To encourage settlement of the mid-west part of the United States, Congress passed the Homestead Act in 1862. This act divided unsettled land into sections, and heads of households could file a claim for very little money. A section was 1-square-mile (2.6 km2), and a claim was ¼ of a section. 36 sections made a township. A section was identified by three numbers, for example NW quarter of Section 18, Township 109, Range 38. By paying $10.00 plus other filing fees, a man could get 160 acres (0.65 km2) of land for his use if he could live on it for 5 years and not give up to go back east. The Ingalls staked one claim near Plum Creek. In the spring of 1880, Charles Ingalls filed a homestead claim south of De Smet for the NE quarter of Section 3, Township 110, Range 56.
A few details in By the Shores of Silver Lake differ from accounts in more autobiographical sources. For example, it seems that Laura never actually visited the railroad grade, but in the book she went to the grade with her father. Wilder also wrote that the surveyors left food in the house when they moved in and let the Ingalls have it. However, other sources are contradictory and it is unclear whether Pa had to buy the supplies for winter.
Today, De Smet, South Dakota, attracts many fans with its historic sites from the books By the Shores of Silver Lake, The Long Winter, Little Town on the Prairie, These Happy Golden Years, and The First Four Years. From 1879 to 1894 the Ingalls family lived in De Smet. The family homestead, a house in town built by Charles Ingalls, the Brewster School where Laura taught, and the surveyors' house the family lived in between 1879 and 1880 are open to visitors.
In addition to the Little House books, four series of books expand the Little House series to include five generations of Laura Ingalls Wilder's family. The success of the Little House series has produced many related books including two series ("Little House Chapter Books" and "My First Little House Books") that present the original stories in condensed and simplified form for younger readers. Additional series have been written to tell the stories of Laura’s mother, “The Caroline Years,” her grandmother, "The Charlotte Years," her great-grandmother, “The Martha Years,” and her daughter, “The Rose Years.” There are also Little House-themed craft, music, and cookbooks.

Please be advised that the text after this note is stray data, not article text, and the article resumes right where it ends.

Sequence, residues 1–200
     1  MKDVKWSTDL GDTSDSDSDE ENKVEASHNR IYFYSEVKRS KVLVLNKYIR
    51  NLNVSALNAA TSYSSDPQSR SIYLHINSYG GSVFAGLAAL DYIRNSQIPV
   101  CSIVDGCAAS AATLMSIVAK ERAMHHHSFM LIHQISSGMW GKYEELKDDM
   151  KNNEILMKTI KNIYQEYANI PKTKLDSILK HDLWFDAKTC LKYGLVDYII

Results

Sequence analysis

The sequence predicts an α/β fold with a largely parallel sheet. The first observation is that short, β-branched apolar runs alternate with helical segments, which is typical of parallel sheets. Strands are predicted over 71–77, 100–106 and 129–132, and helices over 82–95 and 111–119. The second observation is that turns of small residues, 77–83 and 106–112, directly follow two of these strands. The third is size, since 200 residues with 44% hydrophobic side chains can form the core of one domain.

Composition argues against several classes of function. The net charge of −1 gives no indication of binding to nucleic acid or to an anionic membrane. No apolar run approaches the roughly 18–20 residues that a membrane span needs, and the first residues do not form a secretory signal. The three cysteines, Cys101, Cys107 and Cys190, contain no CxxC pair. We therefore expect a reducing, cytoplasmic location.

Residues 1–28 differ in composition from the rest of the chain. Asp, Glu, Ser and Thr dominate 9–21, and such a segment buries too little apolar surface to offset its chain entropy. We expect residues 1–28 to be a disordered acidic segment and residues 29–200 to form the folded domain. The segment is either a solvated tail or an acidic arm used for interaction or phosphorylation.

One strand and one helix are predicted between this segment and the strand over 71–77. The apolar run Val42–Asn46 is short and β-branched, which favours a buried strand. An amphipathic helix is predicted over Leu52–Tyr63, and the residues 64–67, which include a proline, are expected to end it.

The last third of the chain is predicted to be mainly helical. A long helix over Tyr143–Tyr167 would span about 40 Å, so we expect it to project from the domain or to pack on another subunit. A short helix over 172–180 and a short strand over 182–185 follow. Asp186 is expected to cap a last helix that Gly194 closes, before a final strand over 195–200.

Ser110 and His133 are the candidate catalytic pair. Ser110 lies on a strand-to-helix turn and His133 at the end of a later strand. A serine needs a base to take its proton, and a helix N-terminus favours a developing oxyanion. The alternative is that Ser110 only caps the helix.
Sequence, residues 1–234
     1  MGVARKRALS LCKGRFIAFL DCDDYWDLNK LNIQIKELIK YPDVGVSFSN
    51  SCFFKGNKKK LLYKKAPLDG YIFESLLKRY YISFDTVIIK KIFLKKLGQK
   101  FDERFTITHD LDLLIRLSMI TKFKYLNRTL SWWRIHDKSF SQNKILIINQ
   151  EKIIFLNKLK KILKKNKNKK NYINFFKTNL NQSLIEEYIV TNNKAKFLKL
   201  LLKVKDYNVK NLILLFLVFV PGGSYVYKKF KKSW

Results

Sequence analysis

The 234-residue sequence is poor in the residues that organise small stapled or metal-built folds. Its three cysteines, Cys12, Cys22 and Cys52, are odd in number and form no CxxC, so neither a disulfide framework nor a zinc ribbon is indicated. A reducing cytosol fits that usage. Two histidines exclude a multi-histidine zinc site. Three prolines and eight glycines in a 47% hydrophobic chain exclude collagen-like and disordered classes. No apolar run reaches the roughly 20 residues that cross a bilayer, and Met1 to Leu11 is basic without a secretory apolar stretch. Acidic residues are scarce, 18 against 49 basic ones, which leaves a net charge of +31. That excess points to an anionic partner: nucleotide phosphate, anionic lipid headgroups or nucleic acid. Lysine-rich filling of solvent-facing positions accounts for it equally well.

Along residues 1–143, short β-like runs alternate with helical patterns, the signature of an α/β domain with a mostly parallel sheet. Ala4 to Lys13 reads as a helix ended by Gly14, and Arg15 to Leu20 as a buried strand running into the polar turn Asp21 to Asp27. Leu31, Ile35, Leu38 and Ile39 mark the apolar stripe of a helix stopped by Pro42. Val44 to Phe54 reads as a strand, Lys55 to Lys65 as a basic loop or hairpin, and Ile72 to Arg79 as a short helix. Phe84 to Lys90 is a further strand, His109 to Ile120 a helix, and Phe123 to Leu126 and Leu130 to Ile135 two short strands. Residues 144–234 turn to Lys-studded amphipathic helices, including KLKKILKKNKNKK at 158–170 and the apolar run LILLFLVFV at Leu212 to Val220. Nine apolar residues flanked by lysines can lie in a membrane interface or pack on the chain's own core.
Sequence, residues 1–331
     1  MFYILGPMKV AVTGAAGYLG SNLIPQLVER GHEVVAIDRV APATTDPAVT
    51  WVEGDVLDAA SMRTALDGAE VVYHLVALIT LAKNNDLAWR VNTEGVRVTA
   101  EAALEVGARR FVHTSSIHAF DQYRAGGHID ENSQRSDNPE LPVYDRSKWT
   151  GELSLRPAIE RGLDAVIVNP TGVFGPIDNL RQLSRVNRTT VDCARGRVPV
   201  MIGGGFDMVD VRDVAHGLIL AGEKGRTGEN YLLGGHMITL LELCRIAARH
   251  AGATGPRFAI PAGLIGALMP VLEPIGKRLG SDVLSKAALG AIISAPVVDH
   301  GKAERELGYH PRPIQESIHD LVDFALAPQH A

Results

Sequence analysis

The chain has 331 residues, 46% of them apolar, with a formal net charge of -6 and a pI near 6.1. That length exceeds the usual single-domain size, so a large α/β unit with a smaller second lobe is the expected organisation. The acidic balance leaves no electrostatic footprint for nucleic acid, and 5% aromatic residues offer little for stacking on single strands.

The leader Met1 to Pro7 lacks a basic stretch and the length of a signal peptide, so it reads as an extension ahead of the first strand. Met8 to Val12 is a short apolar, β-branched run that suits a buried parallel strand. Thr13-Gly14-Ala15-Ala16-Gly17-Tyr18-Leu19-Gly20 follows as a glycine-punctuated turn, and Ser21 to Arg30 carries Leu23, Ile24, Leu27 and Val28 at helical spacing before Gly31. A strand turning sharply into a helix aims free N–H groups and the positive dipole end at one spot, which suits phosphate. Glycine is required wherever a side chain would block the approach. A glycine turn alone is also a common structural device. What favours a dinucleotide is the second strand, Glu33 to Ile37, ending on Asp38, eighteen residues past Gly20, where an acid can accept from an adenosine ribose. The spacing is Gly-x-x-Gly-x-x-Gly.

The Little House on the Prairie television series was loosely based on the Little House books. A total of 203 episodes were produced and originally aired on NBC from 1974 to 1982. Pa was played by Michael Landon, Ma by Karen Grassle, Laura by Melissa Gilbert, Mary by Melissa Sue Anderson, and Carrie by identical twins Lindsay and Sidney Greenbush. The series remains popular in syndication and has been released on DVD.
- Ingalls Wilder, Laura (1939). By The Shores of Silver Lake (1979 rep). Harper Trophy. pp. 208–211. ISBN 978-0-06-440005-3.
- Wade, Homesteading on the Plains, pp.11-16
- Anderson, A Little House Reader p. 19
- Anderson, A Little House Reader, p. 21, indicates that Pa purchased the food; Miller, Becoming Laura Ingalls Wilder, p.49, indicates that the food was given in exchange for caring for the property.
- Anderson, William. A Little House Reader. New York: Harper Collins publishers. 1998. ISBN 0-06-026394-6.
- Anderson, William. Laura’s Album: a remembrance scrapbook of Laura Ingalls Wilder. New York: HarperCollins Publishers. 1998. ISBN 0-06-027842-0.
- Anderson, William. Laura Ingalls Wilder: The Iowa Story. Burr Oak, Iowa. The Laura IngallsWilder Park and Museum. 2001. ISBN 0-9610088-9-X
- Anderson, William. Prairie Girl: The Life of Laura Ingalls Wilder. New York: HarperCollins Publishers. 2004. ISBN 0-06-028974-0
- Anderson, William. The Little House Guidebook. New York: HarperCollins Publishers. 1996. ISBN 0-06-446177-7
- Garson, Eugenia and Haufrecht, Herbert. The Laura Ingalls Wilder Songbook: Favorite Songs from the Little House Books. New York: HarperCollins Children’s Books. 1996. ISBN 0-06-027036-5
- Gormley, Beatrice. Laura Ingalls Wilder: Young Pioneer. New York: Aladdin Paperbacks. 2001. ISBN 0-689-83924-3
- Miller, John E. Becoming Laura Ingalls Wilder: The Woman Behind the Legend. University of Missouri Press. Columbia, Missouri. 1998. ISBN 0-8262-1167-4
- Wade, Mary Dodson. Homesteading on the Plains. Millbrook Press. Brookfield, Connecticut. 1997. ISBN 0-7613-0218-2.
- Wallner, Alexandera. Laura Ingalls Wilder. New York: Holiday House inc. 1997. ISBN 0-8234-1314-4.
- Ward, S. Meet Laura Ingalls Wilder. New York: Rosen Publishing Group. 2001. ISBN 0-8239-5712-8
- Wilder, Laura Ingalls. Dear Laura: Letters From Children To Laura Ingalls Wilder. New York: HarperCollins Publishers. 1996. ISBN 0-06-026274-5
- Wilder, Laura Ingalls. Little House in the Big Woods. New York: HarperCollins Publishers. 1953. ISBN 0-06-026430-6
- Wilder, Laura Ingalls. A Little House Traveler: Writings from Laura Ingalls Wilder’s Journey Across America. New York: HarperCollins Publishers. 2006. ISBN 0-06-072491-9
- Wilder, Laura Ingalls. On the Shores of Silver Lake. New York: HarperCollins Publishers. 1967. ISBN 0-06-026416-0.
- Rock Pickle Publishing – a Historic Children’s Book website with reviews, publication history, photos of original covers, etc.
- Fact and fiction of Laura Ingalls Wilder from A to Z
- List of real life individuals from the Little House books